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On The Eve Of My 10th Cancerversary...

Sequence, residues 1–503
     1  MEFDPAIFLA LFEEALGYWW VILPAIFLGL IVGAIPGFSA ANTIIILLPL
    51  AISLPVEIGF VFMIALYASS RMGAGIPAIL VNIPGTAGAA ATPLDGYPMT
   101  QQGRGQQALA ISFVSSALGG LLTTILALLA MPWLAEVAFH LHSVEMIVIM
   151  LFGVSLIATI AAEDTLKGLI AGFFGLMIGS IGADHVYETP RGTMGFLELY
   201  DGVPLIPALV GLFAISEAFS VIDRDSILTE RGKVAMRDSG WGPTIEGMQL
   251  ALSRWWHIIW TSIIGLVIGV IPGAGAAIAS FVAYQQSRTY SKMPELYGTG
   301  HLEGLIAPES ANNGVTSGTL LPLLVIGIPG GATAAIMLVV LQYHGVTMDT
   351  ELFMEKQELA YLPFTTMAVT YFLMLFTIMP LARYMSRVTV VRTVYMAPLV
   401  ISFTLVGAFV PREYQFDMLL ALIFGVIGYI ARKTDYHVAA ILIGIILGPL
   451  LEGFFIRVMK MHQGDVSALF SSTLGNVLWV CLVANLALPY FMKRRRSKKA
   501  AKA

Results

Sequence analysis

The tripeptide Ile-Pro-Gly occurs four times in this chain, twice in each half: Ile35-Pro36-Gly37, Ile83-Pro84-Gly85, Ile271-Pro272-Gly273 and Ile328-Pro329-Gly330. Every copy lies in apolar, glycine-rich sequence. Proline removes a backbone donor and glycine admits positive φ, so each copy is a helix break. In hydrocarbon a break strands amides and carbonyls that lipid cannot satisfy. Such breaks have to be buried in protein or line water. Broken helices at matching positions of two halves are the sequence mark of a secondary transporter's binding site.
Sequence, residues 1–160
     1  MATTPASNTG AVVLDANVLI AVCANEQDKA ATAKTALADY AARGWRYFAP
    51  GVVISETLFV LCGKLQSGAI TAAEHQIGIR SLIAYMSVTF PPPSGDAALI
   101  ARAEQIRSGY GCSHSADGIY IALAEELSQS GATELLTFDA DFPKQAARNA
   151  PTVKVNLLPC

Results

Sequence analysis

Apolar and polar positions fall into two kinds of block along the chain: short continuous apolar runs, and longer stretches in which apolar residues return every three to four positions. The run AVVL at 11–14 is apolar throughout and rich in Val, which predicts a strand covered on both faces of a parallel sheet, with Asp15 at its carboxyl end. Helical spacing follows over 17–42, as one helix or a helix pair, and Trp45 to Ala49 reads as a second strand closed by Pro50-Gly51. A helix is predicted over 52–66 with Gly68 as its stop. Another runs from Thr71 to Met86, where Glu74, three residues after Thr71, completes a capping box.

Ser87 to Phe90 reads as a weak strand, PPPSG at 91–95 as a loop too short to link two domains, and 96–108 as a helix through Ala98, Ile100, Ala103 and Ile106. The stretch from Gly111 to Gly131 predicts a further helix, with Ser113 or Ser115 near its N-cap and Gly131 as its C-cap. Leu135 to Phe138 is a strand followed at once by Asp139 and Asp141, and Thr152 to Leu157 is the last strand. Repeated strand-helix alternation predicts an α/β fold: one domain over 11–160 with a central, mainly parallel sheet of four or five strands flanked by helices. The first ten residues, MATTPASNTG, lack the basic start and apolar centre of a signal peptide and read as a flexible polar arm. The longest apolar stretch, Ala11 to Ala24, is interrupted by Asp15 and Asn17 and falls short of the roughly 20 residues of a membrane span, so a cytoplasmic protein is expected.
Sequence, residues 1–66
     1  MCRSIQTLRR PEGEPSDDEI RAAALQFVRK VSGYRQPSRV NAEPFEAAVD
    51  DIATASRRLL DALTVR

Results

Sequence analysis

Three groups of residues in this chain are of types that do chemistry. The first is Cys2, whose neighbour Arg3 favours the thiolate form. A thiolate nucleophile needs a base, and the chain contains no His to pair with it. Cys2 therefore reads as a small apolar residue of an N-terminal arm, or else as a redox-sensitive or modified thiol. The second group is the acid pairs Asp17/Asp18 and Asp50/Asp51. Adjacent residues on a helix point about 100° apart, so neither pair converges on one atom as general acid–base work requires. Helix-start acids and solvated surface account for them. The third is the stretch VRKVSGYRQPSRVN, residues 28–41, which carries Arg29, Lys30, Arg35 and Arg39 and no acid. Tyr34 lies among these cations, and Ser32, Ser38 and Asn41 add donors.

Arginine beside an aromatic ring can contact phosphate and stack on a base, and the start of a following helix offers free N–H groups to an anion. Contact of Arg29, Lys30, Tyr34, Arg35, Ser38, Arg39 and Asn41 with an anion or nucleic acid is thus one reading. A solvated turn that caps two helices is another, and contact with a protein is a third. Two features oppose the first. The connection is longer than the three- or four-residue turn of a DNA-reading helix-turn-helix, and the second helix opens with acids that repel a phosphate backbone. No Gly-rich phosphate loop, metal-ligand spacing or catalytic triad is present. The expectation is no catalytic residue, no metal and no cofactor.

Hello there Jenn, it's me, well, it's you at age 48 and yes lady, you made it this far so yay you! I'm watching you, on a warm Monday night in 2007, and I know you're terrified. You have an abject paralyzing fear about the future, because just a half hour ago you heard the words no one ever wants to hear, "you have cancer." It's okay, keep crying, I'll wait. You need this time to grieve, because you have no idea what the next weeks, months and years will bring, so cry and get it all out. Right now you're curled up in bed fully clothed, I see you ... and that worn out God Save The Queen tee you have on with your cut-off denim shorts, that shirt will become part of your armor so wear it well. I also know you're straining to hear Pete on the phone telling your family what you don't have the strength yet to tell them. You're worrying about your beautiful boys overhearing those very serious and dark conversations. You want to be the one to tell them, it must come from you but Connor turns 9 the day after tomorrow and you can't dump that on them until after; timing has never been more crucial and you need more information than you have right now. Just. Breathe. A familiar cadence of footsteps are coming down the hall toward your room and before the door even opens you know it's mom. She comes in and lays down next to you telling you it's all going to be okay and as she tries desperately to soothe you as she had when you were a child and scraped your knee. But this is different, a bandaid and a kiss won't cure cancer, she knows it and you know it and together you both feel the helplessness as if it was a third person in the bed with you. The TV is on in the background but the sound is muted. You see the blurry backlit letter blocks through your red and puffy eyes, you know it's Wheel of Fortune but after tonight you'll always refer to it as the Wheel of Misfortune. The door opens again and it's Pete. He's holding the phone and tells you it's your cousin John and if anyone can make the best of a horrendous situation it's him, he's good like that and he manages to get you to laugh. Pete smiles, reaches out and smoothes your hair, and takes the phone from you before you fall apart in tears again. He's determined to get you all the support you need and even though he wants to breakdown too he won't, you and the kids need him to be a rock right now. Peter, the rock, he is the very definition of his name, this is exactly why you married him, he'll always have your back. Okay, back to your pity party. Settle down, get out your organizer and start writing down what you're going to say tomorrow when you call the office and tell them you won't make it in and god's sake don't be such a drama queen, you are not going to call out dead, jeez. Over the next few days mom is going to tell you that you need to start writing and you'll roll your eyes. Stop and listen to her. This is important. Also, you'll never go to another doctor appointment alone, this will continue right up into today, the future, where I'm beaming in from. It's annoying at first but it will become comforting and stabilizing in time so stop being such an independent freak. You'll suffer so many indignities at the hands of callous technicians and doctors that perhaps once had a bedside manner but the business of cancer has hardened them, so be strong and firm and find your voice, demand information and medication, you deserve to be comfortable at all times. Also, screaming 'WHERE THE FUCK IS THAT GOING?" and "OH HELL NO!" at the top of your lungs is perfectly acceptable under these circumstances ... also it will get you a private room, a psych consult, and some choice pharmaceuticals so yea, do that. You'll think losing your hair is the worst thing that will ever happen to you. Well, it won't be THE worst but it's in the top three so it's okay to have a breakdown. The hair loss will affect your son Peter more than you think, be sensitive to his questions and requests, this moment will be defining for him as well as you. And you won't believe me now but I'm going to tell you anyway, you'll look fabulous in headscarves and hats and Connor will tell you you look so cool, like a pirate. This will be hilarious one day very soon. The boys will be okay, I promise, and they will be the ones who keep a smile on your face when all you want to do is cry. They'll be the reason you decide to have the aggressive chemo. They'll be the reason you put one foot in front of the other every single day. You'll be so proud of how they handle this catastrophe and they grow up to be smart, kind and so much more emotionally intelligent than their peers. They'll also grow to have a biting wit, and you love this more than anything. You'll be there to see all of this so don't worry about that, you'll get to cry at high school proms and graduations. You'll move them into dorms and anxiously wait by the door when they come home for school breaks. You'll truly understand how blessed you are, though right now you feel cursed. Jenn, this is the hardest thing for me to tell you. You're going to get cancer again during the highest and most satisfying year after your treatment. You'll be celebrating your five year cancer-free milestone with a tattoo, your "wings of freedom" as you call them. You'll become a runner and you'll run 5K's. No, I'm not screwing with you this will happen and you'll be in amazing shape. You'll become a published author helping other young women navigate cancer and all of the baggage that comes with a diagnosis. Don't believe me? Just you wait and see! Things will be moving along nicely and the rug will get yanked out from under you again. I know, I know, it fucking sucks, it's NOT fair and you'll blame yourself for being too afraid of getting the mastectomy the first time around. To quote your, well our, infinite wisdom, "you locked the door and left the keys on the porch." Do not be so hard on yourself. You made the best decision you could at the time with your surgeon's guidance, no one has a crystal ball. You'll want to break something and that's okay, do it! Smash those bowls and plates one by one as hard as you can on that garage floor. Yea, yea, it will be a bitch to clean up but it will be cathartic too. Though it will be an awfully long physical recovery you'll be fine after your mastectomy, better than fine actually, you'll be fierce! You'll meet some of the very best people in the chemo room, survivor group therapy, and through Facebook. Sadly you will lose many of them and your heart will shatter every time and with each loss you'll be reminded just how fragile and special this life is. It will never get easier but your life will be so much richer for having known them. You'll struggle with survivor's guilt but you'll find your coping tools. Weirdly, you'll love yourself more after your second cancer dance, you'll be amazed at what your body is capable of and how much it can endure. You'll become fiercely protective of yourself too and that's okay, it's the price of survival. As you continue to recover your gall bladder will self-destruct and you'll be convinced you're dying, but you're not. The emergency surgeon will also be a breast cancer survivor ... a reminder that we are one of many that create a formidable army. We. Get. Shit. Done. The doctor will put you on tamoxifen to block the hormones that were stoking the second cancer. You hate tamoxifen but you'll find your funny and start calling yourself a tamoxibabe simply for your own amusement. You'll go one step further and opt to have a prophylactic hysterectomy. You obsess about feeling like less of a woman ... stop worrying, and anyway it's really cool that we can now pee standing up! Hahahahaha - I'm just kidding, (not that you'll know for sure until 2017). By now you've moved out of the cancer house. Oh hell, you left the whole state behind. You never told anyone but when you and Pete bought the house in 2003 you'd heard that the original owner had moved out once he'd remarried after losing his first wife to breast cancer. It was just a sad story in the long history of the house but after the second diagnosis this will haunt you. You'll come to hate being alone in the house after that, not because you're afraid of ghosts but because you're afraid of history repeating itself. You're free from that now, you got your 'do-over' but for you, right now, it's still 2007 (and sometimes it will feel like it is ALWAYS 2007) and you feel as if your life has ended and in a way it has but you're about to be reborn so embrace your evolution. You'll grow and adapt and change and challenge people and most importantly you'll challenge yourself. You know you're not guaranteed tomorrow so you make the most of every day. Remember to always love hard and always be kind ... oh, and by the way, your hair looks amazing. All my love, Jenn (of the future)